For my community to be healthy, there needs to be an increase in dietary education, development of trust of modern medicine and health care workers, and an increase in awareness on health and what being clinically healthy means. Dietary education should include details revolving around fast food, alcohol, and the different diets currently available. Health education should also include information on leading a healthy lifestyle as a low-income individual or middle-class individual.
What advice would you give to anyone hoping to make a difference?
Your action matters, no matter how small it may seem. There will be times when making a change will be hard on yourself and on those around you. But I believe that if your faith and values are still aligned with the bigger picture of making a difference, it will be worth it as you will be able to see the smiles and joys of the individuals that you are making a change for. So, take the first step, start an initiative, and aim to follow through while setting goals for yourself and hit them so that you do not get discouraged. One person won’t be able to change the world, but together, we can make a difference and help each other and support each other.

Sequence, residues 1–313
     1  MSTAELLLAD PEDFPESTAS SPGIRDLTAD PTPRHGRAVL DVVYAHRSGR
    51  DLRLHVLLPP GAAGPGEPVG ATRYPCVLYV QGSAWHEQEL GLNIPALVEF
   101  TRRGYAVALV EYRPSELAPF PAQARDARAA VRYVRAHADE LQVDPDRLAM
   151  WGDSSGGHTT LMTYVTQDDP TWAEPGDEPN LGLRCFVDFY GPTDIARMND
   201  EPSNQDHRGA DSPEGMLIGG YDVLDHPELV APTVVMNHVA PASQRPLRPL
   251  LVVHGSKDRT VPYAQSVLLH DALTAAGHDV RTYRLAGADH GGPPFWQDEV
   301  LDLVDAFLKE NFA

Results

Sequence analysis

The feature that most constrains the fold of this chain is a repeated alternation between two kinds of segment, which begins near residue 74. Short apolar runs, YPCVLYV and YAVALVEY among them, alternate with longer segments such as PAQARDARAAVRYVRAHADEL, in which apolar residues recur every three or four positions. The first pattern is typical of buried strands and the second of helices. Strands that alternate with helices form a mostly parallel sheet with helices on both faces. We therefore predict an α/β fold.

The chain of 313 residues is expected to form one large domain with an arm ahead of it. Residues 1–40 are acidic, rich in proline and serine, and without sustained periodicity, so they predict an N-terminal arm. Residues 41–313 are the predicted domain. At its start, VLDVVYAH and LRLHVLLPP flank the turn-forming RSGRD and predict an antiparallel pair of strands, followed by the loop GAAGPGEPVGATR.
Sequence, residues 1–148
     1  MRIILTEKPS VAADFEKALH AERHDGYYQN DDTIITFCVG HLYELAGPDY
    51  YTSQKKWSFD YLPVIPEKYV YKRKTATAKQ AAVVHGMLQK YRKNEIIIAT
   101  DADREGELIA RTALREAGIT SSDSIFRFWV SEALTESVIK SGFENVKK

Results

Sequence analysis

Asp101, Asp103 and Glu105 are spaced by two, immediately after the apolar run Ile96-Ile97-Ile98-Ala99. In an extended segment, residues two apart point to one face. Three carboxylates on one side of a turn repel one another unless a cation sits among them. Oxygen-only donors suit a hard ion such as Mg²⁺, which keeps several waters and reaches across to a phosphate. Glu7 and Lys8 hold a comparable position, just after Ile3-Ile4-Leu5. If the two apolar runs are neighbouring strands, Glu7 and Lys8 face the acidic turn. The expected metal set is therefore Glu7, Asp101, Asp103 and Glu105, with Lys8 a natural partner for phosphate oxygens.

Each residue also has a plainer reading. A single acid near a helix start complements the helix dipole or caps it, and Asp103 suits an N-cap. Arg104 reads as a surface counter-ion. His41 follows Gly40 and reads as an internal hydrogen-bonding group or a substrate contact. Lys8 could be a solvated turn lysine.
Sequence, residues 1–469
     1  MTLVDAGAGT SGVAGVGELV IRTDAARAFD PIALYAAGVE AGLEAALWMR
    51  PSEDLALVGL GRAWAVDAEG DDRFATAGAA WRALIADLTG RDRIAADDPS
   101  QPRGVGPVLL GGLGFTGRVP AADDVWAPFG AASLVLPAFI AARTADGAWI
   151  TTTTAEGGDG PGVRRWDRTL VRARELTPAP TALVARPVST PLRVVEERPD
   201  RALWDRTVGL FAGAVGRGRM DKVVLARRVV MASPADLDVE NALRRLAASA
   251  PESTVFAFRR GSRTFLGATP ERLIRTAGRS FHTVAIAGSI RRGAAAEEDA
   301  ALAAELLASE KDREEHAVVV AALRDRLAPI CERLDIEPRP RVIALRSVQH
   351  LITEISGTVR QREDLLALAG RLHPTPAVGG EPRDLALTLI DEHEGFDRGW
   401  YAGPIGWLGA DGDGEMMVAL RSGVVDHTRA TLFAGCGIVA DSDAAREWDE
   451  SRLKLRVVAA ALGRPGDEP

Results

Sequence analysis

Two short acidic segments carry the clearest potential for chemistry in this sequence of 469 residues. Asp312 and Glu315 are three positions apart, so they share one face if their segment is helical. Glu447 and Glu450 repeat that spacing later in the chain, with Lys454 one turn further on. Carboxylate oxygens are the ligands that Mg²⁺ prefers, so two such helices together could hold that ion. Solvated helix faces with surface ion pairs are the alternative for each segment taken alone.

Marvin Jones Jr. is chef for Healthy Eating Active Living Milwaukee.

Healthy Eating Active Living Milwaukee is a program that aims to provide education and resources to secure healthy foods and active living supports for adults at-risk for developing lifestyle-related diseases.

What inspired you to become a chef?
My dad cooked. It was not his profession, but he enjoyed cooking and that piqued my curiosity so I applied myself and discovered I had a talent for it. Let me also say that it was a long time—a very long time— before I discovered that this talent was a gift from God, that wasn’t about me, that didn’t belong to me. And it was this discovery that changed everything.
What made you choose work with a focus on public health or equity?
Of course there’s much more to this answer, but basically, I connected to groups and organizations whose intent was in the right place. So instead of coming in as heroes and saviors, which in essence is an insult, we let the participants see our scars and that we’re here to come up with solutions together, and execute them.